It is actually reported that there is immorality among you, and of a kind that is not found even among pagans; for a man is living with his father’s wife. (1 Cor. 5:1; RSV)

You know that when you were heathen, you were led astray to dumb idols, however you may have been moved. (1 Cor. 12:2; RVS)

To the followers of Jesus in Ephesus, Paul wrote:

Therefore remember that at one time you Gentiles in the flesh…were…separated from Christ, alienated from the commonwealth of Israel, and strangers to the covenants of promise, having no hope and without God in the world. [Note Paul’s assumption that now these former Gentiles are no longer alienated from the commonwealth of Israel and are no longer strangers to the covenants of promise.] But now in Christ Jesus you who once were far off have been brought near in the blood of Christ…. So then you are no longer strangers and sojourners, but you are fellow citizens with the saints and members of the household of God. (Eph. 2:11-13, 19; RSV)

It doesn’t matter that I was born a non-Jew; I have become part of “the commonwealth of Israel.” I have been joined to the people of Israel. Isn’t that exactly what the leaders of Jesus’ first community of disciples ruled?

Some men came down from Judea to Antioch and were teaching the brothers: “Unless you are circumcised, according to the custom taught by Moses, you cannot be saved.” This brought Paul and Barnabas into sharp dispute and debate with them. So Paul and Barnabas were appointed, along with some other believers, to go up to Jerusalem to see the apostles and elders about this question…. When they came to Jerusalem, they were welcomed by the church and the apostles and elders, to whom they reported everything God had done through them.

Then some of the believers who belonged to the party of the Pharisees stood up and said, “The Gentiles must be circumcised and required to obey the law of Moses.”

The apostles and elders met to consider this question. After much discussion, Peter got up and addressed them: “Brothers, you know that some time ago God made a choice among you that the Gentiles might hear from my lips the message of the gospel and believe. God, who knows the heart, showed that he accepted them by giving the Holy Spirit to them, just as he did to us. He made no distinction between us and them, for he purified their hearts by faith…. We believe it is through the grace of our Lord Jesus that we are saved, just as they are”….

Then the apostles and elders, with the whole church, decided to choose some of their own men and send them to Antioch with Paul and Barnabas. They chose Judas (called Barsabbas) and Silas, two men who were leaders among the brothers. With them they sent the following letter: The apostles and elders, your brothers, To the Gentile believers in Antioch, Syria and Cilicia… It seemed good to the Holy Spirit and to us not to burden you with anything beyond the following requirements: You are to abstain from food sacrificed to idols, from blood, from the meat of strangled animals and from sexual immorality. You will do well to avoid these things…. (Acts 15:1-2, 4-9, 11, 22-23, 28-29; NIV)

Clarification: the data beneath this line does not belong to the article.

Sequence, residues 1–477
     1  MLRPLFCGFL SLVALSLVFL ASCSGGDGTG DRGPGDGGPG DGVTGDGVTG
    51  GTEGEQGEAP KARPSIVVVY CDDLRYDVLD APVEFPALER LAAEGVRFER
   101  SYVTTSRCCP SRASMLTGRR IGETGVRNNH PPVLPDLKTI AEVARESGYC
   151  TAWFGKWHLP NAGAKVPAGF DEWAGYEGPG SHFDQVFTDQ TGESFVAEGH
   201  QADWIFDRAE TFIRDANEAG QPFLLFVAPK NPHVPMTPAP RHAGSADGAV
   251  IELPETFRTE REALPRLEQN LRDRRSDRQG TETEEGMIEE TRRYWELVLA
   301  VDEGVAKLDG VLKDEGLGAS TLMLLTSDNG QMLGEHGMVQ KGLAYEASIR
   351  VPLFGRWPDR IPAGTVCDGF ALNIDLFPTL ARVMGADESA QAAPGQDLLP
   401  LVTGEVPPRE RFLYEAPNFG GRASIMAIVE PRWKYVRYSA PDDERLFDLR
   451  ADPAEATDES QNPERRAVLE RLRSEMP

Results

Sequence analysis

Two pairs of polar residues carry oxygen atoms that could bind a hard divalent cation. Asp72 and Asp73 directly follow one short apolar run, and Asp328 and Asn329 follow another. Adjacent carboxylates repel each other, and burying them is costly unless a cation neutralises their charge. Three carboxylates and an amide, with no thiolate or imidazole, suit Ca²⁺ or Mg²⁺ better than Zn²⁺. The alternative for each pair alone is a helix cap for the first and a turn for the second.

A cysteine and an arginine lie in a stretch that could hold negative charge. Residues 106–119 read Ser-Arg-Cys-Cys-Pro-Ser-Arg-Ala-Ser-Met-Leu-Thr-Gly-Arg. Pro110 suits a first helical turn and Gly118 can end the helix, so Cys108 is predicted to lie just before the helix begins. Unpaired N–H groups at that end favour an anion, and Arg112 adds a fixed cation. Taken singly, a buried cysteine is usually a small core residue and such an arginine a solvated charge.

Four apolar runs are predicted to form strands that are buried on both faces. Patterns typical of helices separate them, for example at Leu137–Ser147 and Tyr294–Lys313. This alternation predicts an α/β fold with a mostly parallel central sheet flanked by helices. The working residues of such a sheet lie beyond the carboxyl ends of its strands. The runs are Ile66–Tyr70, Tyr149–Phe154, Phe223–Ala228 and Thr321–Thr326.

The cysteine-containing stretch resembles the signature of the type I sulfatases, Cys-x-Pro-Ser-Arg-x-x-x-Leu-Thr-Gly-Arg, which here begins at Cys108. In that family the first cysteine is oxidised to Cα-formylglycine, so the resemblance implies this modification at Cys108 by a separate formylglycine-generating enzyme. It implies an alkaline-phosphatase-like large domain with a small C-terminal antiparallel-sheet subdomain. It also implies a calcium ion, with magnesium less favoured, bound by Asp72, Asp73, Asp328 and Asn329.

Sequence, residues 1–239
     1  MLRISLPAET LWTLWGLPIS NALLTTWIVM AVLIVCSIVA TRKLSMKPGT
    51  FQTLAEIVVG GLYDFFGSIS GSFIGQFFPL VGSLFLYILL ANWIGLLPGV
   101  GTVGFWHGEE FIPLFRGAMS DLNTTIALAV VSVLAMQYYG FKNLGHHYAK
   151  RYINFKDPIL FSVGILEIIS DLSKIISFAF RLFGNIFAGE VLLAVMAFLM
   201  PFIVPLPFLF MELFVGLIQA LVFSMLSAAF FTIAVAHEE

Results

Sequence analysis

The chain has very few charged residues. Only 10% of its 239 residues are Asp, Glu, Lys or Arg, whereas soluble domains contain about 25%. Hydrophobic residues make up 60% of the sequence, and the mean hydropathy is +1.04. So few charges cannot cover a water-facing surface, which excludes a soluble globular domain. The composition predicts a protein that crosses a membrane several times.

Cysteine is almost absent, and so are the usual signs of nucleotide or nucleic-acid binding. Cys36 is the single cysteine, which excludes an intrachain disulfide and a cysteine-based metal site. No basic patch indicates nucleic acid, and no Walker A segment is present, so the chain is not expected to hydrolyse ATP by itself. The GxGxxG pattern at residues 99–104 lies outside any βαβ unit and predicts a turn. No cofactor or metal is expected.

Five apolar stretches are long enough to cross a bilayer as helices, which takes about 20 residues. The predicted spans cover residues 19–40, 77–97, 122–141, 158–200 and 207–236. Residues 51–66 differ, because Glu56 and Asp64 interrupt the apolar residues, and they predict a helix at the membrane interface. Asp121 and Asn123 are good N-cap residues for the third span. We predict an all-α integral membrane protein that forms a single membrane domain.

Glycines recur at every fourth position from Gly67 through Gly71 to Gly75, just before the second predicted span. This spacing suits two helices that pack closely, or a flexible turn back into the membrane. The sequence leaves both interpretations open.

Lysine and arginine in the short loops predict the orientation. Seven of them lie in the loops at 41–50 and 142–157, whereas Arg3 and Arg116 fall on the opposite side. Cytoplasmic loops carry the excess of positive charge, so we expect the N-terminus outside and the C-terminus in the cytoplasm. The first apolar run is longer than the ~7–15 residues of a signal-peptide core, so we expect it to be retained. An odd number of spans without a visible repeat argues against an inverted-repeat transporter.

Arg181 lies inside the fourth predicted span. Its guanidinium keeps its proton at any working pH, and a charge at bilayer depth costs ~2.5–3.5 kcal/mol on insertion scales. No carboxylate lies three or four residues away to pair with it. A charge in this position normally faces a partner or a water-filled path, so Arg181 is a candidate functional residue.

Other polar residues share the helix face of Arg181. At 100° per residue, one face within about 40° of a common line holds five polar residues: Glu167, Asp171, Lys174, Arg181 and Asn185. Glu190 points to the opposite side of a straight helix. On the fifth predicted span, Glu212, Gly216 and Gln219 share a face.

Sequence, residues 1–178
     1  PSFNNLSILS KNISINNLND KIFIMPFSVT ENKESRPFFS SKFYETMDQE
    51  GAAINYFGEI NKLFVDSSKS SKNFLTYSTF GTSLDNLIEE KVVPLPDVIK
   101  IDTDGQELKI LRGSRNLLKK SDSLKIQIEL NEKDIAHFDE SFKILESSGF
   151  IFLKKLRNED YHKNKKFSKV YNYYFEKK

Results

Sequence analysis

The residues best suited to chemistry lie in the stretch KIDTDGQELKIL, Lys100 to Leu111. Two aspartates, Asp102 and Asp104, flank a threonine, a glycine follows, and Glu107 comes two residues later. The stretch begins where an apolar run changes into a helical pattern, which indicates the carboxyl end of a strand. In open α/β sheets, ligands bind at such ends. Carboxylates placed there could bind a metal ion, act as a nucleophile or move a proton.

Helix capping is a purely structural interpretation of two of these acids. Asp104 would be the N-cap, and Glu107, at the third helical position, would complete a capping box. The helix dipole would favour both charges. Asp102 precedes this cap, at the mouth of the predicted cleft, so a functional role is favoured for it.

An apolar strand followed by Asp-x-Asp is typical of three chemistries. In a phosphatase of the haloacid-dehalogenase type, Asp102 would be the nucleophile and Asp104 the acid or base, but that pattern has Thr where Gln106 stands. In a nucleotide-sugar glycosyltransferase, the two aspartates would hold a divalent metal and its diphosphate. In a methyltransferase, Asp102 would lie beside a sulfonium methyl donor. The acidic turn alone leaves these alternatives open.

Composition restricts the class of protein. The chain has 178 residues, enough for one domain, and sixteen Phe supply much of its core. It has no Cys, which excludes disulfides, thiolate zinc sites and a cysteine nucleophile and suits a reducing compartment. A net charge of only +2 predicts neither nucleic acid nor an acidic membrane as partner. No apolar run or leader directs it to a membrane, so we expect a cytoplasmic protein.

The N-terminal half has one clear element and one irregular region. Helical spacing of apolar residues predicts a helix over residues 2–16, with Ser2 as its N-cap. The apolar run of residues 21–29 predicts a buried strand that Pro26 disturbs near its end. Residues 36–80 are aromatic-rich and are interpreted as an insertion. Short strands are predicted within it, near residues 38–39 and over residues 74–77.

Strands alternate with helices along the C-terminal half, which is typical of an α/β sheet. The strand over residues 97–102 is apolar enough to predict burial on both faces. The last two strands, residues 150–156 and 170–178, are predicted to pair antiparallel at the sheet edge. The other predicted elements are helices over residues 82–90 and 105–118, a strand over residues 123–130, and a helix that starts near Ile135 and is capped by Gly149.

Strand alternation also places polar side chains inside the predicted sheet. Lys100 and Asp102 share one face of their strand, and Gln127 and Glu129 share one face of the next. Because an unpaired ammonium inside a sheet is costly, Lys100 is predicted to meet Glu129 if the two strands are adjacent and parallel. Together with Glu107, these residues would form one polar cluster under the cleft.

I think it can be said that Paul’s greatest challenge was to explain his mission to the formerly pagan and to defend himself against false charges that were leveled against him by Jewish members of the early church. Further, I think it can be argued that most, if not all, of Paul’s letters were written to explain what he called “the mystery of Christ” or “mystery of the gospel,” that is, that people of non-Jewish origin could, through Jesus, become part of Israel without the necessity of keeping all the commandments of Torah and having to be circumcised.

In reading this, then, you will be able to understand my insight into the mystery of Christ, which was not made known to men in other generations as it has now been revealed by the Spirit to God’s holy apostles and prophets. This mystery is that through the gospel the Gentiles are heirs together with Israel, members together of one body, and sharers together in the promise in Christ Jesus. (Eph. 3:4-6; NIV)

Every Christian must answer the question, “Were you there with the Israelites when they left Egypt?” just as he or she must answer the question, “Were you there with Jesus when he was crucified?” for there is a strong connection between the Exodus from Egypt and Jesus’ death on the cross and his resurrection.

We followers of Jesus were in fact there, at the Red Sea and at Calvary’s cross, and we must not exclude ourselves from this experience, saying, “This doesn’t have anything to do with me.” Our spiritual well-being hinges on a personal identification with, and participation in, these events—on being able to say with the mouth and believe with the heart, “I was there.” Furthermore, we must be able to give a definite answer to the question, “Am I Jew or Gentile (part of God’s people or part of those whose God is not the God of Israel)?”